Yahoo CEO Marissa Mayer's turnaround plan taps into recent acquisitions of technology, talent

SAN FRANCISCO – Yahoo is leaning more heavily on its recent acquisitions of technology and talent as CEO Marissa Mayer tries to attract more traffic and advertising to the Internet company’s services.

Mayer unveiled the latest steps in her effort to accelerate Yahoo’s lacklustre revenue growth during an hour-long presentation at the International CES, an annual gadget show held in Las Vegas. She shared the spotlight with two technology whiz-kids, Nick D’Aloisio and David Karp, who joined Yahoo Inc. last year in high-profile acquisitions that cost slightly more than $1.1 billion.

Two other recently hired Yahoo employees, former CBS News anchor Katie Couric and former New York Times technology columnist David Pogue, also took turns on stage to discuss how they plan to make Yahoo’s website and mobile applications more compelling. The Associated Press monitored the speeches through a webcast.

Mayer hailed Tuesday’s showcase as an opportunity to open the “next chapter” in Yahoo’s long-running turnaround saga. A long-time Google executive, Mayer became Yahoo’s fifth full-time CEO in slightly more than five years when she was hired in July 2012.

Although Yahoo’s stock has nearly tripled since Mayer’s arrival, the run-up has been primarily driven by the company’s 24 per cent stake in Alibaba Group, a thriving Chinese Internet company that has tantalized investors with its robust growth in the world’s most populous nation.

Even under Mayer’s leadership, Yahoo hasn’t been able to substantially boost its revenue despite advertisers spending more money on the Internet. Through the first nine months of last year, Yahoo’s revenue was unchanged from 2012 after subtracting ad commissions.

Mayer is trying to shake things up by sprucing up Yahoo’s line-up of applications for smartphones and tablets as people spend more time on those devices instead of personal computers. She also is rolling out more advertising tools to make it easier for marketers to connect with the people mostly likely to be interested in their products and services, deploying some of same targeting techniques that have proven more effective so far at Google Inc. and Facebook Inc.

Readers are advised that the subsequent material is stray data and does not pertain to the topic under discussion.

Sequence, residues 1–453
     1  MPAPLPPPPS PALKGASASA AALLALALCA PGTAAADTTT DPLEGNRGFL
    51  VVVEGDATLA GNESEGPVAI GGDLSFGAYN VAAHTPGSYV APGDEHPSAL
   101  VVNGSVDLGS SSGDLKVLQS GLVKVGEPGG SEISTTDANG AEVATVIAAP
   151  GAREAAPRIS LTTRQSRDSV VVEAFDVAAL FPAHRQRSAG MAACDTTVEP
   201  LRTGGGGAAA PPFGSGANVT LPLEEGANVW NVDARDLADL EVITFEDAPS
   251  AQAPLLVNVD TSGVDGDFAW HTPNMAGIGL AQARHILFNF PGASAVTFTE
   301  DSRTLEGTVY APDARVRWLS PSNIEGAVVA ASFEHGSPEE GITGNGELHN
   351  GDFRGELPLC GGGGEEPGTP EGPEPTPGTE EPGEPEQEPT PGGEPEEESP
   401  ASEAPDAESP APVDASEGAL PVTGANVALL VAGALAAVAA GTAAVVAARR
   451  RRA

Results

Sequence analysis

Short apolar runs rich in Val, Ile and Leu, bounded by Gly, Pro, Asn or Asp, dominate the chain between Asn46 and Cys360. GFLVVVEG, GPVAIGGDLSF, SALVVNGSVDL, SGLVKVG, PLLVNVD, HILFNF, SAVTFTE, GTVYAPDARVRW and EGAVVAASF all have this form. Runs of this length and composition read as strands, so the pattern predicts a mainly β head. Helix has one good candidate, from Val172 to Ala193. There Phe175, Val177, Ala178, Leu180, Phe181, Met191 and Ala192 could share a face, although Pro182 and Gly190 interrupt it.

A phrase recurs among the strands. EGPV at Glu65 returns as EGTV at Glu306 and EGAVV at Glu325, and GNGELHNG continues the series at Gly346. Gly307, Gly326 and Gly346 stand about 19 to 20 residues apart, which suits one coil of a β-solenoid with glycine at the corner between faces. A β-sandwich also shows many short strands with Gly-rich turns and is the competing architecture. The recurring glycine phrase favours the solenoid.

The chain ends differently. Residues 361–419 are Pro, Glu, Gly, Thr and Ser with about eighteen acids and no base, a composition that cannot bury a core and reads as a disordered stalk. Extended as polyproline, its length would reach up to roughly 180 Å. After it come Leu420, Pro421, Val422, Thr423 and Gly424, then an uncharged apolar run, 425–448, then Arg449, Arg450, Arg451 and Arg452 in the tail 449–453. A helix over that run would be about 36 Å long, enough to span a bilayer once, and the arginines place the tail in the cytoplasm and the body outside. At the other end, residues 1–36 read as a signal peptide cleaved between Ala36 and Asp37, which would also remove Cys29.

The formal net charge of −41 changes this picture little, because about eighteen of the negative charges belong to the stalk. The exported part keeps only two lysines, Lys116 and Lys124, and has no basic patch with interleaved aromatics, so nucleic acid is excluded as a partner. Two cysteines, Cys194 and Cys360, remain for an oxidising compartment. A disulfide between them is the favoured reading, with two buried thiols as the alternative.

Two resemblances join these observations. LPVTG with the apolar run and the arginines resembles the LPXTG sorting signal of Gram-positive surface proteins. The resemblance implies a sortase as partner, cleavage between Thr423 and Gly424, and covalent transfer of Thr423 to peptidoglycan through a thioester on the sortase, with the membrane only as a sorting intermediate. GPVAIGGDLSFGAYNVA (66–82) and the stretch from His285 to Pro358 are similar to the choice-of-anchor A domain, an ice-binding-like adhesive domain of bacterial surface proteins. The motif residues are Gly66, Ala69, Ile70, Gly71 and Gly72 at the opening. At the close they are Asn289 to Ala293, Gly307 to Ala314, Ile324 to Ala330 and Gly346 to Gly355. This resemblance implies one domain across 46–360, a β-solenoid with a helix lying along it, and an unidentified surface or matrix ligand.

The additions include a mobile app that pulls news from various digital sources to highlight the top stories twice a day. The digests will be put together by Summly, a technology that Yahoo bought from D’Aloisio last year to automatically condense long stories. D’Aloisio, 18, created Summly while he was in high school in England to address the short attention spans being fostered by the smaller screens of mobile apps.

Yahoo also revealed that Mayer’s biggest acquisition so far, Internet blogging service Tumblr, will begin to use the company’s tools to target ads based on people’s gender and location. The announcement was made by Tumbler CEO Karp, 26, who has pledged to ensure ads don’t agitate an audience that had become accustomed to seeing few marketing messages on the blogging service since it started six years ago.

Pogue came on stage to flip the switch on a digital magazine called Yahoo Tech, especially designed to be read on mobile devices, though it also can be read on PCs through traditional Web browsers. It will feature reviews and other opinions from Pogue, as well as stories from a roster of other technology writers recently hired by Yahoo. The Sunnyvale, Calif., company also is simultaneously releasing another digital magazine called Yahoo Food that will serve up culinary coverage.

Yahoo also announced another small acquisition of another startup called Aviate, which makes a tool designed to figure out which apps to display on a mobile device’s home screen by tracking the daily habits and interests of each user. Financial terms weren’t disclosed.